We have seen a lot of wireless mic systems over the past few years. The 2.4GHz options have exploded in popularity thanks to their simplicity and effectiveness – having a more affordable entry point has also helped a ton.
Saramonic has been getting more and more involved and has a new product that looks like a new take on this growing market: the BlinkMe B2.
Sporting some big and colorful screens along with a circular shape and nice-looking receiver unit this is a very different take from the many we have seen already. For a closer look we have a review from Momentum Productions.
Much like the other options from RODE and DJI, the Saramonic BlinkMe has two transmitters and a single receiver – perfect for two-person shoots. It has a large screen and has magnets to help with getting them attached.
The real trick with these is that they will also record 24-bit audio while transmitting. This means you always have a backup recording ready to go in the event of dropouts or if you just don’t need or can’t use the receiver.
It comes in a nice case with a ton of magnets for getting your transmitters mounted how you need them. There are options for the transmitters to help get them on your subject as well as stuff for the receiver, such as a shoe mount, to get it on your camera. There’s a USB cable for charging and audio cables.
The receiver will run for up to 24 hours on a single charge while each transmitter will go for around 9 hours. You actually charge all the devices at once via the receiver.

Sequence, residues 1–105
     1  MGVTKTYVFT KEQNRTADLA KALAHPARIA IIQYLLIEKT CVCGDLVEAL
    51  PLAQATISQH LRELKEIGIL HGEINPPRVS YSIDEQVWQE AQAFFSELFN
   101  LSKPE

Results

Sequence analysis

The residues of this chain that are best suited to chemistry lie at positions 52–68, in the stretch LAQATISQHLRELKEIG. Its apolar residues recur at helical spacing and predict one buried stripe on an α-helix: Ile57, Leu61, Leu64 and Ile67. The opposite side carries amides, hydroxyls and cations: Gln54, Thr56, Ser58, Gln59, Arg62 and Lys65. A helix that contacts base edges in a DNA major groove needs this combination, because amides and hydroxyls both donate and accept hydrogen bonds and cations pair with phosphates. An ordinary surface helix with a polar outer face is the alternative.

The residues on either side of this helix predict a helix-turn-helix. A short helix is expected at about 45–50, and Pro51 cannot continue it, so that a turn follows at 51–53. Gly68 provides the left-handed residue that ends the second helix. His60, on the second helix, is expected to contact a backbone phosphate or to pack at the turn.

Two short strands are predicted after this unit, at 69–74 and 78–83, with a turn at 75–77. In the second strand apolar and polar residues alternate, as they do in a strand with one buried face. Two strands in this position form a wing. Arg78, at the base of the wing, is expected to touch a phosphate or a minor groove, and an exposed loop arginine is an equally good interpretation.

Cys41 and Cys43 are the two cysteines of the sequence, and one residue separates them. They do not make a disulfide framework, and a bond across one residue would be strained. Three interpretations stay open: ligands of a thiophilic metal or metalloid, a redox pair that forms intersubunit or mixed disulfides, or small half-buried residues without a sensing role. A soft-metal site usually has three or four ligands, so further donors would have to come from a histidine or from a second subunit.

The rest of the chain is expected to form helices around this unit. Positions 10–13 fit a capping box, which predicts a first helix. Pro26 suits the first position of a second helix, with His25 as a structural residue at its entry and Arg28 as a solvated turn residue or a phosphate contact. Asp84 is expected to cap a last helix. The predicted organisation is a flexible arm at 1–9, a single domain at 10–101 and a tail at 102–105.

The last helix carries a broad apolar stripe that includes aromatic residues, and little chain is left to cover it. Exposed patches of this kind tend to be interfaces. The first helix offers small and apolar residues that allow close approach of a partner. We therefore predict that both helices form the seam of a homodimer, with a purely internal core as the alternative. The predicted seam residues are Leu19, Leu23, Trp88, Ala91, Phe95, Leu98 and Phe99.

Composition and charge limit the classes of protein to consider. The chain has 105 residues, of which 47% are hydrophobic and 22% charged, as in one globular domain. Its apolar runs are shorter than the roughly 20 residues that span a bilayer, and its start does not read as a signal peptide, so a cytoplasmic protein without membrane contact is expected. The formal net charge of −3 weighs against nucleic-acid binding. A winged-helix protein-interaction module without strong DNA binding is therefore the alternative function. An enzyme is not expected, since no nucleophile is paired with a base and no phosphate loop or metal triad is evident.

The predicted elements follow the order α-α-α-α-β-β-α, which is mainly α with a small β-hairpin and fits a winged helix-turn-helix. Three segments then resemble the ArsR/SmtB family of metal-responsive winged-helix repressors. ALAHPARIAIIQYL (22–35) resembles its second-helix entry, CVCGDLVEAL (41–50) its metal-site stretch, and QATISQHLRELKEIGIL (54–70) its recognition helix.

Size-wise it is very similar to other units today though it might look a bit cleaner with the flat screen in front. The touchscreen is great for adjusting settings and controlling the units.
The receiver has many of the ports. There is a USB-C charging port next to a headphone monitoring output and camera line output. Data can also be transferred via USB to get those recording off the device. The other side has power and volume buttons.
You’ll get about 14 hours of recording in 24-bit and quite a bit more in 16-bit. Honestly, just go with 24-bit for the extra quality.
A screen on the receiver lets you control transmitter gain and start recording remotely. It’ll also show you the levels of both transmitters while you are recording.
A neat trick in these is a noise reduction setting. It can help eliminate some annoying background noises on set so you don’t have to do as much processing later on.
For range, you have a fairly standard 328’ or 100 meters. This is usually with line-of-sight since it is a 2.4GHz unit. If you have longer requirements the built-in recorders can come in handy.
What do you think of this alternative wireless mic system? There’s some real competition out there now. Which would you pick?
[source: Momentum Productions]
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